"For Girls" and "For Boys"



Dear Readers,

Occasionally, I receive books from Canadian publishers that are marketed and labeled as “for girls” and “for boys." Not surprisingly, this practice is considered offensive by many people because it so obviously aims to exclude readers. So how exactly do I handle these gender-specific books when they arrive in my mailbox? Good question! I put them on the reviewer shelves outside my office, making them available to our dedicated team of Deakin reviewers to decide for themselves whether they wish to read and review books that are so obviously gender segregated. In other words, we don’t censor books.

You can imagine my surprise when I read a pledge on March 16th by literary editor Katy Guest that the Independent on Sunday will no longer review any book which is aimed exclusively at boys or girls. Guest explained, “What we are doing by pigeon-holing children is badly letting them down. And books, above all things, should be available to any child who is interested in them” (http://www.independent.co.uk). I wholeheartedly agree that children’s books should be available to all children, but the irony here is that Guest has made a firm commitment to not review gender-specific books, making them unavailable to Independent readers. She warns publishers not to send books in “glittery pink covers” because they will “go straight into the recycling pile along with every Great Big Book of Snot for Boys.” Naturally, many journalists and readers were appalled and swiftly denounced Guest’s decision to ignore an entire category of children’s books.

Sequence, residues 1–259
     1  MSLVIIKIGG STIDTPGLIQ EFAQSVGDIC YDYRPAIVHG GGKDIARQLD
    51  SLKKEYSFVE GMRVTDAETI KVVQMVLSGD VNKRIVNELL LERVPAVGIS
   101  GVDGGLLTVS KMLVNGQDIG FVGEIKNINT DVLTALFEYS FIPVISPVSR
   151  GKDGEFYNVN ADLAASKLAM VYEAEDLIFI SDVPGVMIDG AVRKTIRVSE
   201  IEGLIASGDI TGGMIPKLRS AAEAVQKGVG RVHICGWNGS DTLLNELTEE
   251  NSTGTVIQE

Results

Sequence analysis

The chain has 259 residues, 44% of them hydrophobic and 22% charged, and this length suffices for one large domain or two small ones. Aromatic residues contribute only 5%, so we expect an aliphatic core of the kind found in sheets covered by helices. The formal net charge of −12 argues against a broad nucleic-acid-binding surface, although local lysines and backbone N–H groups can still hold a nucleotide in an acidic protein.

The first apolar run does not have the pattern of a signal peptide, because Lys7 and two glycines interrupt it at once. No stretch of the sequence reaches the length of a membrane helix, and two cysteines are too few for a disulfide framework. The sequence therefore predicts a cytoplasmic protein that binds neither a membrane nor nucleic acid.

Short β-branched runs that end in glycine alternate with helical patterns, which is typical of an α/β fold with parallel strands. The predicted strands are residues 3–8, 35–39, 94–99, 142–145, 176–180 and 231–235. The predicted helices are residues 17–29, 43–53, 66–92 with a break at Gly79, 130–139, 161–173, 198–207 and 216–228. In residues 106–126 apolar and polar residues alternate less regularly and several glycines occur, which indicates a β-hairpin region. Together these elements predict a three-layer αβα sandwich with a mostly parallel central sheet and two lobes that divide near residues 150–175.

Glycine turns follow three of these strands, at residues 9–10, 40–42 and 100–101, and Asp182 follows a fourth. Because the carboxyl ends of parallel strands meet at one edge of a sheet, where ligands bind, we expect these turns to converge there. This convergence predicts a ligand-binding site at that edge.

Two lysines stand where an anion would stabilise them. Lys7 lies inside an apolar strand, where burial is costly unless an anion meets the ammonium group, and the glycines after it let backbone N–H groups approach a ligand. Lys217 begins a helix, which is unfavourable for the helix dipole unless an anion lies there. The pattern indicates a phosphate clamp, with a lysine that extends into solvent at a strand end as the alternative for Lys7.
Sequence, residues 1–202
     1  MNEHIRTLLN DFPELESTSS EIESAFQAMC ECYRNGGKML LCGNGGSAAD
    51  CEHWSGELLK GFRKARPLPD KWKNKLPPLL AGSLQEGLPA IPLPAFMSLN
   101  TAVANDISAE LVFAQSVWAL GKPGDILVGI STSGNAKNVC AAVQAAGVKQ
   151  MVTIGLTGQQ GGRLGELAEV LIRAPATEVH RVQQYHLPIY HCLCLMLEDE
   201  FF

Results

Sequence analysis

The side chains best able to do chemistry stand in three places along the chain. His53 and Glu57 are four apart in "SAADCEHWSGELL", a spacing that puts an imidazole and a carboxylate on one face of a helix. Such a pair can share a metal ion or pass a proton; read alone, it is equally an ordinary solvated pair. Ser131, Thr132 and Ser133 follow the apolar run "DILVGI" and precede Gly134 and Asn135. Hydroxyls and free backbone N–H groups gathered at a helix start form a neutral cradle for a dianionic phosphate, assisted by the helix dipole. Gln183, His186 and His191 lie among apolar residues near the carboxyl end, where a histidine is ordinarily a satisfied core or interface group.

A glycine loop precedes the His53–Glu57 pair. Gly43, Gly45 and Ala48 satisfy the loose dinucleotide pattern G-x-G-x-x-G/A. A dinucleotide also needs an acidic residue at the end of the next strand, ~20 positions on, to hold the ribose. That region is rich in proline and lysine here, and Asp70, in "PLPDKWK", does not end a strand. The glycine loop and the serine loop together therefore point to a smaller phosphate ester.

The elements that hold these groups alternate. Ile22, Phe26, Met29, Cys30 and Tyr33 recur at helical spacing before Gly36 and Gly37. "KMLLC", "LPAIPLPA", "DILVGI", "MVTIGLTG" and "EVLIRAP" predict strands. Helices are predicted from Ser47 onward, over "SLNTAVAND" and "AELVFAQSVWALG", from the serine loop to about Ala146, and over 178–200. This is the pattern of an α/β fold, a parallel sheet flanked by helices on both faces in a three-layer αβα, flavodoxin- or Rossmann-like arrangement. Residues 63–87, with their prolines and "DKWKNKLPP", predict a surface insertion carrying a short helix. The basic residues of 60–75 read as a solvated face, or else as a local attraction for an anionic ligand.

Publishers have their reasons for marketing books the way they do, and while we may not agree with their strategies, they have every right to market their books to a target audience with pink covers, sparkles, co-packaged toys, multimedia, etc. They are doing what they believe is necessary to help readers figure out what to buy, just like we reserve the right to review all genres of children’s books to help our readers decide what to read. Rest assured, if we review children’s books that are too narrowly marketed to one gender, we’ll say so and we’ll also be frank with our readers about why it is or is not a good book. So, dear publishers, please continue to send us your gender-labeled books, but be advised that we’ll want to understand and assess why your book does not appeal to all children. 

Happy reading (to readers of all genders)!

Robert Desmarais
Managing Editor